As Stirling Newberry wrote, Obama's mandate was to Do Bush Right. So far, he's done very well.


    I think he is smart. (none / 0) (#26)
    by inclusiveheart on Wed Nov 18, 2009 at 11:50:05 AM EST
    He hasn't achieved what he has by being some sort of idiot savant.  I think what he lacks is depth and dimension neither of which is required in the context of an American political campaign these days.  But both of which play heavily into the success or failure of running any organization whether it be government or private enterprise.  He is the model for the modern American CEO - a detached "thinker" - "high-level strategist" - who really doesn't have a clue how the sausage is made and isn't even expected to.

    I think that a lot of people thought they were getting Steve Jobs (a CEO much more like the old style model), when really they were getting someone more along the lines of Robert Nardelli.


    You're entitled, I just don't see it (5.00 / 1) (#28)
    by Inspector Gadget on Wed Nov 18, 2009 at 12:07:31 PM EST
    I see that he's good at choosing well-connected people who will work hard to open doors for him, and promote an image of him that will appeal to many.

    He requires a script to keep his image as that of being smart. The inability to response to crowd questions without a steady stream of ums and ahs while restarting his answer multiple times as new thoughts jump into his head is a key contributor for why I don't think he's smart. He doesn't seem to know where he stands on anything and that's really because he doesn't fully understand what most people are dealing with in their lives.


    Being principled and being smart (5.00 / 1) (#38)
    by inclusiveheart on Wed Nov 18, 2009 at 12:44:05 PM EST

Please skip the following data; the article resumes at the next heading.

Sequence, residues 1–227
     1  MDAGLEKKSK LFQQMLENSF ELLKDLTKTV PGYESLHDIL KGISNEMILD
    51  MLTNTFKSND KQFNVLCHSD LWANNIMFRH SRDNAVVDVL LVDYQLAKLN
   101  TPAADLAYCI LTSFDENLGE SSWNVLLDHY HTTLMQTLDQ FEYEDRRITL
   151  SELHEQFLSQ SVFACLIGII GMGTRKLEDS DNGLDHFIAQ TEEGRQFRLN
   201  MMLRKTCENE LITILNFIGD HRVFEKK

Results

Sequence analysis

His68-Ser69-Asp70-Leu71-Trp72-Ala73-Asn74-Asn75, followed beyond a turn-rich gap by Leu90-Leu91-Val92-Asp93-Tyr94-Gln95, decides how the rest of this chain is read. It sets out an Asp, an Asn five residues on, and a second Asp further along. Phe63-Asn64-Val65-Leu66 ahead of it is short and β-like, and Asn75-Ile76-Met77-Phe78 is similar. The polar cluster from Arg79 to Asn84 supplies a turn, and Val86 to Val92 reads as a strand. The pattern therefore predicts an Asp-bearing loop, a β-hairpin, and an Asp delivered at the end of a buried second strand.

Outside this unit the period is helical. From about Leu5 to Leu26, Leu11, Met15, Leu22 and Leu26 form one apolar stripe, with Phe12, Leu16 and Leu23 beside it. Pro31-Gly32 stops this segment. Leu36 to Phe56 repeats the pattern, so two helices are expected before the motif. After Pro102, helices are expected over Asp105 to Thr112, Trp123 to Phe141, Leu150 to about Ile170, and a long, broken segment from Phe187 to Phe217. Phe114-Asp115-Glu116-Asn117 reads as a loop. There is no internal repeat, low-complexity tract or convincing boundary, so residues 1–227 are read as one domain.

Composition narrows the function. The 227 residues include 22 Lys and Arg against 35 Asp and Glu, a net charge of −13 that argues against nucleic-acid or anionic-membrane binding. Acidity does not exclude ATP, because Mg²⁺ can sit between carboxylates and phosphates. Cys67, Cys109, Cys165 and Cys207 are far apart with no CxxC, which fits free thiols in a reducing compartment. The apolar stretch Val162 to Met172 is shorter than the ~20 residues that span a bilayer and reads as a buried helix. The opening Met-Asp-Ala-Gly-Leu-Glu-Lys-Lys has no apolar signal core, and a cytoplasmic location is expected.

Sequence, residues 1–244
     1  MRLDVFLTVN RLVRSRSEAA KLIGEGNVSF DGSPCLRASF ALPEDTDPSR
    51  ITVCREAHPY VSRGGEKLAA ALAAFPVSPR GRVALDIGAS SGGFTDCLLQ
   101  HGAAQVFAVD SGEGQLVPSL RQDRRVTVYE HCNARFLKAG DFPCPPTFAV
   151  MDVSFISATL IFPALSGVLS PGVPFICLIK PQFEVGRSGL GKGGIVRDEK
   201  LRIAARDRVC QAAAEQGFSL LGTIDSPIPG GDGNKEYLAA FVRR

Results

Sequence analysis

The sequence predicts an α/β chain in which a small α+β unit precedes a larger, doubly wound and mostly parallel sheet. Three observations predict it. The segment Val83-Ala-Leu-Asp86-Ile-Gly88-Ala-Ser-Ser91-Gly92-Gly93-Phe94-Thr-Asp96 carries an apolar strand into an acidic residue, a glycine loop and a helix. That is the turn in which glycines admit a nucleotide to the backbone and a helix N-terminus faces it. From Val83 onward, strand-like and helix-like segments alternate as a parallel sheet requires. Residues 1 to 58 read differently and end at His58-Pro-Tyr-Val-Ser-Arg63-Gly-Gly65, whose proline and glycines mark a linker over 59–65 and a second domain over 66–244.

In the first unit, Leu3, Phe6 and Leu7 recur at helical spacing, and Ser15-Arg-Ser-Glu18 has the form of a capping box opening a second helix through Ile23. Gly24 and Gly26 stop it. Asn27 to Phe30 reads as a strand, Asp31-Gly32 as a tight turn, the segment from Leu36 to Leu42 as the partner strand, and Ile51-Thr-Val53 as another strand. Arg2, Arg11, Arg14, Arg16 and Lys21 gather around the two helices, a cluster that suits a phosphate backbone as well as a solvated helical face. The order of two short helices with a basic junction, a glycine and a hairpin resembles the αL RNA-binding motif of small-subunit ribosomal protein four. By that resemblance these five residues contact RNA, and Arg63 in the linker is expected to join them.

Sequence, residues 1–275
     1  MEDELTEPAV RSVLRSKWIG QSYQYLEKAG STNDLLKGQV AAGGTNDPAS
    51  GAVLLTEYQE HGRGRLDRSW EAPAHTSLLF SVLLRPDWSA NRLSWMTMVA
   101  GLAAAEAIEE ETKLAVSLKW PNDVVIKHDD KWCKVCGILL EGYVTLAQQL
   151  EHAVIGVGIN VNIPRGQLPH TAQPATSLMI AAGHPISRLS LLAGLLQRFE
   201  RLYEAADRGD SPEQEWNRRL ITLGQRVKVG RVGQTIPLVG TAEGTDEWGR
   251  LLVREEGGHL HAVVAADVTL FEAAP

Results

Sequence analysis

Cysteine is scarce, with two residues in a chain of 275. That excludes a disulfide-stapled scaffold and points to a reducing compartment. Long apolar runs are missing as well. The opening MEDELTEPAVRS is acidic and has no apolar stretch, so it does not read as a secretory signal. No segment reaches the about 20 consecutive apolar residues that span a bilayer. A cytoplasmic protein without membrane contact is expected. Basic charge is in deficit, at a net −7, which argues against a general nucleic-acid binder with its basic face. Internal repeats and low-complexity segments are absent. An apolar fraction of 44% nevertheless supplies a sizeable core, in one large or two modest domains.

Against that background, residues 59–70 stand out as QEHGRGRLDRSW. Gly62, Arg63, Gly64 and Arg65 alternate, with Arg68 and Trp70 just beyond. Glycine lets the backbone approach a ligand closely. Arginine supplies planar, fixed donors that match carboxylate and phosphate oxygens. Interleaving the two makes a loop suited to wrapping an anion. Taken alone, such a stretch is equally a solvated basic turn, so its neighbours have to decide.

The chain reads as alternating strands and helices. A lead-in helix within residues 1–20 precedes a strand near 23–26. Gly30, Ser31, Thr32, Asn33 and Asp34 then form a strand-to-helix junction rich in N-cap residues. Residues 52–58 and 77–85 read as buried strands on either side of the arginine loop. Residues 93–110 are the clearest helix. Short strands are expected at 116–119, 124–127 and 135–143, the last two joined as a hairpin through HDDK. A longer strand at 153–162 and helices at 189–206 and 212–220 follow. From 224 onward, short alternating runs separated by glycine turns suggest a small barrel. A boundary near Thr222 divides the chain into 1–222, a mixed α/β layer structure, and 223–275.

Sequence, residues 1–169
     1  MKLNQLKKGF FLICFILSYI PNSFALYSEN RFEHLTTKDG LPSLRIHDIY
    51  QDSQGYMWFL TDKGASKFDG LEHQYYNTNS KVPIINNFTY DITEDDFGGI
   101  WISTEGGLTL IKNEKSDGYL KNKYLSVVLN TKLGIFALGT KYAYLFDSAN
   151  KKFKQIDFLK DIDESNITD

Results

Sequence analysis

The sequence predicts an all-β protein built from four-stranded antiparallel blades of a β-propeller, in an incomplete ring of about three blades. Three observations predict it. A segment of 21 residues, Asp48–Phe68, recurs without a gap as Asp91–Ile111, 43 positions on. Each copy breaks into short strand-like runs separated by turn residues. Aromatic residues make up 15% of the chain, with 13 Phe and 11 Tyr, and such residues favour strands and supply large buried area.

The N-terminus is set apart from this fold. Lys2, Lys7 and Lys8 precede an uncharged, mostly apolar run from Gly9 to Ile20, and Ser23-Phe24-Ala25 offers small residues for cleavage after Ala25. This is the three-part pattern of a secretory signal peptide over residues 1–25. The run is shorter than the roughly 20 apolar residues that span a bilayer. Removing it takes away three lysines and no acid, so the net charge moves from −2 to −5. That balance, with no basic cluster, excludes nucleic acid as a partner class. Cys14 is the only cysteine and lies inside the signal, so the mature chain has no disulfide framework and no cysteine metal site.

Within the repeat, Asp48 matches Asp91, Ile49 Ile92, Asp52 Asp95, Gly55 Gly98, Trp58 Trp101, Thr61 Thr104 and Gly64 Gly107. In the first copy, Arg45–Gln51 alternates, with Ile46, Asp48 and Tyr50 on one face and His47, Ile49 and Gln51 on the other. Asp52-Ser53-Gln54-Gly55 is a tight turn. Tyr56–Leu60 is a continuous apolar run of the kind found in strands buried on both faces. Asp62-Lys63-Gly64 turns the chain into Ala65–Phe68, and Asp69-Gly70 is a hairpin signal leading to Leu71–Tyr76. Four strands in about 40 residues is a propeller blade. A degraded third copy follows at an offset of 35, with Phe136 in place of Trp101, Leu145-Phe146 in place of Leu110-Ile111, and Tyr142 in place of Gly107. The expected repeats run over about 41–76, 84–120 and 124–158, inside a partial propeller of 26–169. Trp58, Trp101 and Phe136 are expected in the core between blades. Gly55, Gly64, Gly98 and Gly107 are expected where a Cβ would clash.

do not always go hand in hand.

    People who can't take a stand aren't stupid.  They're just people who can't or won't committ - often because they think it is "smarter" for their personal agenda not to.  That's the profile of the overwhelming majority of modern American politicians, imo.


    How smart is it to not be able to (none / 0) (#42)
    by Inspector Gadget on Wed Nov 18, 2009 at 01:03:10 PM EST
    commit to a decision and think you are qualified to be POTUS? Doesn't seem the slightest bit smart to me.

    You think he doesn't know that he's incapable of making a firm decision based on analysis of a situation?


    I dunno - I know plenty of smart people (5.00 / 1) (#49)
    by inclusiveheart on Wed Nov 18, 2009 at 01:34:07 PM EST
    who I wouldn't trust to actually execute a plan.  They are often smart enough to understand concepts and can speak eloquently about them, but actually executing them would be impossible for them.  Professor smart doesn't necessarily equate to street smarts for instance.  The engineer who figures out some aerodynamic equation doesn't necessarily have the inate skills to actually build something using his or her formula.